Queue for the Queen stretches 24 hours as Beckham joins mourners
Tens of thousands of mourners queuing in central London were warned on Friday that it would take 24 hours for the Queen’s coffin to arrive and that temperatures were expected to drop.
Britons of all ages and walks of life lined up around the clock to pay their respects to the monarch, joining a five-mile long line that started near Bermondsey on the south bank of the Thames and then Crosses the river. Westminster Hall of Parliament.
Undaunted by predictions of a chilly night ahead, a stream of well-wishers joined the queue until an official tracker put the expected wait time at 24 hours.
The London Ambulance Service said it and partner agencies had treated 435 patients who fell ill en route by the end of Thursday, with hundreds more expected.
“I have no feeling in my knees or legs at all,” said mourner Hyakunth Apah from London, who was in the queue. “But it’s been fine. Most people are lovely and we’ve had a pretty good time.”
Around 750,000 people are expected to pay their respects to the Queen’s coffin on Monday ahead of her state funeral on Monday.
On Friday they included England football legend David Beckham, who is believed to have joined the queue at 0200 and queued for more than 10 hours.
“We as a nation are fortunate to have had someone who led us the way His Majesty led us, with time, with kindness, with care and always with assurance,” he said. He told reporters after offering his condolences through tears.
“I think that’s one thing that we all felt safe and we’ll continue to do with the royal family. But I think her majesty was something special and she’s missed not just in our country but around the world. Everyone will remember.
New Zealand Prime Minister Jacinda Ardern, in London for the funeral, was among those who visited Westminster Hall on Friday, pausing to curtsy as she approached the casket.
Tate Crist, 38, a project manager at Canada Water in southeast London who had just joined the queue at Southwark Park, said: “Okay, is this trip OK? I think I’m ready, I’m good at it. Bringing a coat, I have it. If I need to sit, a stool, I’m getting food and water, and we’ll be on our way.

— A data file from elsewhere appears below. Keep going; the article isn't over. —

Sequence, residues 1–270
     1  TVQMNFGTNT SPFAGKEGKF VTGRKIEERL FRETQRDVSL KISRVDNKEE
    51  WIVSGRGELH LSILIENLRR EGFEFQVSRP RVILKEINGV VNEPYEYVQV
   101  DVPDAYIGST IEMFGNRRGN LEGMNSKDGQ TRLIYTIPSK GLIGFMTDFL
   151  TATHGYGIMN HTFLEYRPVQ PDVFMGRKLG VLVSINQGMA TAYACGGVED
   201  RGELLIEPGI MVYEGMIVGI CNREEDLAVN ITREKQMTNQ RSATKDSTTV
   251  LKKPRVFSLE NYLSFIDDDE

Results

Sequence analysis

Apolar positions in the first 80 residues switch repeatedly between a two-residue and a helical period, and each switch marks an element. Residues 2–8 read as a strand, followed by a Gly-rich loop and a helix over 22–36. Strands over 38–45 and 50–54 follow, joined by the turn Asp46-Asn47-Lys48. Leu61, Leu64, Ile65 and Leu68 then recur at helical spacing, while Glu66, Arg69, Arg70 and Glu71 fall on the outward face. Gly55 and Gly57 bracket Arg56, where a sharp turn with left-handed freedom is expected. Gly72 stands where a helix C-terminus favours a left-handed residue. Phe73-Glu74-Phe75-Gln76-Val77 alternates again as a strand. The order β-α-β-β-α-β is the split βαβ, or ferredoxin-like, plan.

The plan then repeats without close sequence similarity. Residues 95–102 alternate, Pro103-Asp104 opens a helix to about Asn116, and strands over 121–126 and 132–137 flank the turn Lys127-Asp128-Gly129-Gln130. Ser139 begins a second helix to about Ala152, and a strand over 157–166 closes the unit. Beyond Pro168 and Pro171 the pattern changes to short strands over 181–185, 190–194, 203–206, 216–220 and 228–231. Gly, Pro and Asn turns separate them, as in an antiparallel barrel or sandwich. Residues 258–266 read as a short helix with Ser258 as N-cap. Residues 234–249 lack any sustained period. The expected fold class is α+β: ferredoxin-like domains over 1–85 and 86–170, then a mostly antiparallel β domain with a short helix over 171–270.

“I think there’s always a question, is it worth it? Can I make it? And hopefully, yes. I wanted to be a part of it, pay my respects to the Queen.”
The queue was stopped for the first 40 minutes when it reached capacity, and when it reopened the DCMS urged mourners not to join the queue until at least 1600.
Authorities completely stopped around 1,135 people from queuing at the entrance to Southwark Park due to overwhelming demand.
Downing Street said the queue system was going to plan.
James Birchall, 33, a trainee physiotherapist who traveled from Liverpool to pay his respects, was also in the queue.
She said: “Now I just feel normal and unemotional but as I’m getting closer. [to the Queen’s coffin] I think I’ll start getting more emotional and maybe five minutes before I go in, even though I don’t look like that type of person, I’ll probably start crying.
“I absolutely loved the Queen, she was great, she was there all her life, I always respected her, she was great for our country, always did her duty until she died. Emotions and I thought, I have to come to London to see him.
Of the thousands of people queuing, he added: “I’m absolutely amazed because there are so many people, young and old – I didn’t think young people would come, because they’re not really into the monarchy. But there are. There are a lot of young people here to pay their respects, which I think is great.”
Also queuing was Vlasta Packer, 73, from Bedford, who said: “I came here for the Silver Jubilee in 1977. Having grown up in central Europe, the monarchy was a thing of the past, history.
“I was really quite fascinated, it was huge in 1977 and I’ve admired her ever since because she was an amazing person, unique. To serve her whole life to the end, that’s something, isn’t it? Unprecedented. And that’s why I want to stay here.”
Meanwhile, a man was arrested at Westminster Hall last night after he charged at the coffin. An eyewitness said the police “caught him within two seconds”.
Another man has been charged with two counts of sexual assault. Adio Adeshine, 19, is accused of exposing himself and pushing mourners from behind as they waited in line at Victoria Tower Gardens on Wednesday evening as Westminster Hall opened its doors to the public. .
Adeshine is said to have jumped into the River Thames in an attempt to escape police officers before coming out and being arrested.
He was remanded in custody after appearing at Westminster Magistrates’ Court on Friday charged with two counts of sexual assault and two counts of breaching a sexual harm prevention order.